Intended It, not
as a cushion. X '
never. lop about''
In a chair. When :t v
1 am restless I
move about tho
I have taught :
myself to stand
when a woman
the parts ot her
themBel v e s In i
the right pro
portions. She does not
look baggy nor
men don't, as a
rule, stand well.
They lean front
or s 1 d e w t s e. "
Some ot them do
this on purpose
to give the Im
pression of lan
gor and Indifference. How
unutterably silly! A wo
man Is at her best when
she Is most alive. Mag
netism is simply the pow.
er to move others. That
is to be like an electtro
dynamo. It is to I've tre.
m e n d o u sly whllo you
Is gay this morning. He is
disguising his voice, think
ing to fool little Maria." So,
with her Hps close to the re
ceiver, she called crisply
over the wire:
"Basta, Gluseppl. Non ml
fal scherxe." (Enough. GIu.
seppi! Quit your kidding.)
And then, archly:
"Non vuol baclar tua?"
(Colloquial Roman for,
aron't you going to give mo
Just a second of silence,
and then over the wire Into
Maria's delighted ear camo
the unmistakable "cheep" of
a telephone kiss. But the
kiss was followed by this
startling bit of information,
in the same strange vloce:
' "It Is with the compli
ments of your King, Victor
Hearing which, Slgnora
Maria Carrubetto promptly
had to be ex
cused for the
the king when
he emerged from
the booth, "the
operator at cen
tral has a very
ing. "You have
heard It often.
Nearly every day. Your Majesty."
Gluseppl was growing pale.
"She called me 'GiuseppL and
asked for avWks."
"Oh, pardon. Your Majesty!" And
Ciujeppl fell on his knees.
"Gluseppl, are you acquainted
with this girl have you met her?"
"Oh. yes; many times. Your
Majesty. Only pardon"
. "Do ycu love each other?
American-Exaniln-. Great Britain Right" Reserve.'.
"Always the lemon." "And the midnight crawfish.
Against Her Too
Curves a s.kJr-t&
'',13' - sir
'... .1 ,i 1shri Xj0' ' r-.-H .
- ;Dv &r7' 4fry f - 'rS VISF V
j : - s
... -: .vf i t.'
"Devotedly. Your Majesty.
"Ah. Then you havs my
permission to marry her.
Go and tell her that I take
you both under my pro
tection." And the king strode from
Poor Signorlna Maria, feeling cer
tain of endless disgrace, could
hardly believe the good news
Gluseppl brought to her.
She is now the most envied and
hanolest talaohana rlrl In Rome.
I r, :ilVV-W i Thi Exclusive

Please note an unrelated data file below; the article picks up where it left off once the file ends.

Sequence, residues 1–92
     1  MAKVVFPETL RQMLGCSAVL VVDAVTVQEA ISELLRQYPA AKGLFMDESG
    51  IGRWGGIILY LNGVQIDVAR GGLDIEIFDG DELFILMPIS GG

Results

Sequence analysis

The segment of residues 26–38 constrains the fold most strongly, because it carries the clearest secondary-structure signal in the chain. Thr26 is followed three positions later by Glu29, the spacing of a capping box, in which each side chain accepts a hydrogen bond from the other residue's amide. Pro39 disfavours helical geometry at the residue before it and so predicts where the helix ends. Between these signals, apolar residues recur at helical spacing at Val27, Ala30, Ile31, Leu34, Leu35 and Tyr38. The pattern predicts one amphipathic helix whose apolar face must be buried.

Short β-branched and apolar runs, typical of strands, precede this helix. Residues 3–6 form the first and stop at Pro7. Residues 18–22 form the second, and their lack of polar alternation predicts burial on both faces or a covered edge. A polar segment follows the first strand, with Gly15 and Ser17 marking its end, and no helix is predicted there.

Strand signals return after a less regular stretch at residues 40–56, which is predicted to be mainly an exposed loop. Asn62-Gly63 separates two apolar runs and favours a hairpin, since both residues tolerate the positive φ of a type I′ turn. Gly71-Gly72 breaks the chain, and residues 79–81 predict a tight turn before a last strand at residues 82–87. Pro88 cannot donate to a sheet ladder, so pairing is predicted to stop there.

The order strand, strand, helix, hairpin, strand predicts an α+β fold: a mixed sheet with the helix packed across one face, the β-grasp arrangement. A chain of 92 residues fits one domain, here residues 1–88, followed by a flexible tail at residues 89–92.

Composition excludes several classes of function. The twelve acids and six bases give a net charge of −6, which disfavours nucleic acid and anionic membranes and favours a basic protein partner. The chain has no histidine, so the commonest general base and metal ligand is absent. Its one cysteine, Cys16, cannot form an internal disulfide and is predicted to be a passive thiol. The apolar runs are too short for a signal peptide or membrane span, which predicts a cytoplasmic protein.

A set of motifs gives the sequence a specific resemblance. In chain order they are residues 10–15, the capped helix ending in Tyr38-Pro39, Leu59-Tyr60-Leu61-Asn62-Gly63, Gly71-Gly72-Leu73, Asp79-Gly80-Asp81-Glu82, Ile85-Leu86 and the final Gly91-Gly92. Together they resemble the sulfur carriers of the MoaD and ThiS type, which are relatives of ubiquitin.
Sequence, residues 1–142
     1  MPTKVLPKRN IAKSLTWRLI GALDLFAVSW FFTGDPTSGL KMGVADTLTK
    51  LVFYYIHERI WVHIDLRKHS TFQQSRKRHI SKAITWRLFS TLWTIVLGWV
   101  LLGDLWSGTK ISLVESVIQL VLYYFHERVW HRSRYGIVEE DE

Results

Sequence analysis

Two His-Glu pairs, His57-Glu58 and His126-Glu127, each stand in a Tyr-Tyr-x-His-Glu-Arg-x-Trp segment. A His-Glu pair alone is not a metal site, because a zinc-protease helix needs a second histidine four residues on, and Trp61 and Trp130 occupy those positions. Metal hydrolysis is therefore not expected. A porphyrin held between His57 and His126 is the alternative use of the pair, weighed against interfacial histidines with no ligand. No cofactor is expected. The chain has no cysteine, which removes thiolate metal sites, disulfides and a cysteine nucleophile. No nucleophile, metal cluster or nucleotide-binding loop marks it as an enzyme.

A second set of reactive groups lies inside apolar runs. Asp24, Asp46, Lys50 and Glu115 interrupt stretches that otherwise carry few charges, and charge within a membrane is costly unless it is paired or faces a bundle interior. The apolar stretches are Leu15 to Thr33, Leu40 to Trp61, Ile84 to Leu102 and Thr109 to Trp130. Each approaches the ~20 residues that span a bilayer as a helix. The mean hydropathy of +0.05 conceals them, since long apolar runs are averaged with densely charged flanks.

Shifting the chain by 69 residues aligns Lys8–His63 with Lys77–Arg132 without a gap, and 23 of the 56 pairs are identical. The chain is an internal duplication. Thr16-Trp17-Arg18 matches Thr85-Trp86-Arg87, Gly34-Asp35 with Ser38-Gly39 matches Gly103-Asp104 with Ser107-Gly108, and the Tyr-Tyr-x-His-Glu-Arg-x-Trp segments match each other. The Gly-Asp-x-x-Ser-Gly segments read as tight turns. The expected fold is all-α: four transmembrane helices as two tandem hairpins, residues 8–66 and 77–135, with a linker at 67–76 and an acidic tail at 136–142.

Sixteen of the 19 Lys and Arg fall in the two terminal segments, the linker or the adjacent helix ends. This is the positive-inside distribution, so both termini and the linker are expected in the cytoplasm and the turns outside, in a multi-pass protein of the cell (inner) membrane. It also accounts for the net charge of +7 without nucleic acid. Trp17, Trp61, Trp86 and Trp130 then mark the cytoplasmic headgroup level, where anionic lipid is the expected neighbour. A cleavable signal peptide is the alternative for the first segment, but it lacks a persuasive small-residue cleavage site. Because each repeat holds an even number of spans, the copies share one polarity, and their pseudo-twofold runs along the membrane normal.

I VJ 'xV ;'V' U 1 One Just Taken.
i 'ilri W V LJ' ' C. AVv. the Siberian.
The Loss of Mary
Pounds Is Shown
Plainly In This
Her as "Natoma"
"And I stand SO not like
AMvra TmpIiip I. pan Crawfish Tails!
Half a Lemon in Every Drinh!
1 U Aitf"
I never allow myself to be bored.
People aak me to places where
they think I am honored by being
present. Perhaps I am, but I am
fearfully bored. When I leave one
of these receptions I am ten years
Alaskan Furs More
HAT Is royalty going to do
for ermine? The supply
of this valuable fur has
been obtained hitherto from Siberia,
but the little animal that furnishes
it is well-nigh exterminated, and
pretty soon It will practically cease
to exist, commercially speaking.
There Is only one answer to the
question. Kings and their consorts
will be obliged to fall back upon
the ermine of Alaska, which ani
mal, though a nearly related spe-
fur very Inferior to
Its pelt Is worth to-
day only one dollar, whereas that
of the ermine of Northern Asia sells
at from ten to fifteen dollars.
Seal alone excepted, the most im
portant fur-bearing animal in Alaska
is the mink. During the last year
23,738 mink skins, valued at $103,-
these other women.
lO Rules for
By Alary Garden
1 Do what the policeman
says, "Keep moving,"
and never grow fat.
2 It is not necessary to be
mountainous to be a
3 Never eat between meals.
Nibbling makes fat.
4 Don't be bored; it makes
5 Alcohol kills slenderness.
6 Never drink a glass of
water without the
juice of half a lemon.
7 The line from chin to
bust is noticed first,
and gives the stamp
of your personality.
8 A woman is at her best
when she is most alive.
9 Magnetism is simply the
power to move others. .
10 Life is not from the body,
but from the mind. '
older, and feel twenty pounds
heavier. If you want to keep young
and thin, don't let yourself bo
An Invariable rule of mine Is to
never eat between meals. Nibbling
13 a frightful habit, weight-making
and age-making. I know a woman
who says she eats when she Is lone
some. She shouldn't be lonesome.
There Is so much to do, so much
that can be found to do, It It Isn't
ready at hand, that no one need
fatten herself by unnecessary eat
ing. Let me give you a bit of curious
anatomical history: In 1897, when
I made my debut as Louise, I
wore a narrow little black skirt
that fitted me well. Whenever I sing
Louise I wear the same skirt It
has not been altered a particle.
That means that In fourteen years
my hips have not varied an lota
in size. But in that time my chest
has expanded twelve inches. That
change has all been due to my vocal
lessons. In fine, the lower
half ot my body is as God
made it. I do not know
many singers, so do not
know how they live. But I
think they grow so large
because they lie in bed
too much. It is not necessary
to be mountainous to bo a prima
The policeman gives humanity,
and especially women, good advice:
"Keep moving." If we will follow
It we will never grow fat.
Valuable Than Gold
f)88. were shipped out of the Terri
tory. Next comes the muskrat, with
a production ot 223,893 skins for tho
twelve months of 1910 worth
The Kuskokwlm and Yukon val
leys furnish the bulk of the musk
rat output. The natives of those re
gions use vast numbers of muskrat
skins every year tor clothing and in
barter with other tribes. Their
value is steadily increasing, and, as
a result, the animal Is hunted more
vigorously each season so much so,
indeed, that extermination would
soon threaten it, but for the fact
that the Federal Government has
now made Alaska a game preserve,
and will establish adequate protec
tion for this and other fur-bearing
The total quantity ot furs shipped
out of Alaska in the last year repre
sented a value of $917,625 not In
cluding the skins sent out by mall,
or carried out among the personal
effects of tourists and other travel
lers. Of these pelts, 5,567 were mar
ten, 2.047 lynx. 2,002 beaver. 1,861
land otter, 2,002 white fox, 1,154 blue
fox, 53 silver fox and 2 black fox.
A skin of the black fox. In first
clais condition, is worth $l.w.